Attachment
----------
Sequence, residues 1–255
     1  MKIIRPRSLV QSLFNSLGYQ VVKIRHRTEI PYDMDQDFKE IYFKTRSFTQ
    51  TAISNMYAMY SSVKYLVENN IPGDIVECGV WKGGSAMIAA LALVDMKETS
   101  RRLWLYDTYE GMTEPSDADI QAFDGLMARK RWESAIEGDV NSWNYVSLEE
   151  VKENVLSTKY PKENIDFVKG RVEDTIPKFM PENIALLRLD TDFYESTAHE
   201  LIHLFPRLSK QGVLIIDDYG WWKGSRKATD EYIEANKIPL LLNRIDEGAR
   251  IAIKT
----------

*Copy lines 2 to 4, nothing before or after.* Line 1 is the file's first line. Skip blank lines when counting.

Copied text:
     1  MKIIRPRSLV QSLFNSLGYQ VVKIRHRTEI PYDMDQDFKE IYFKTRSFTQ
    51  TAISNMYAMY SSVKYLVENN IPGDIVECGV WKGGSAMIAA LALVDMKETS
   101  RRLWLYDTYE GMTEPSDADI QAFDGLMARK RWESAIEGDV NSWNYVSLEE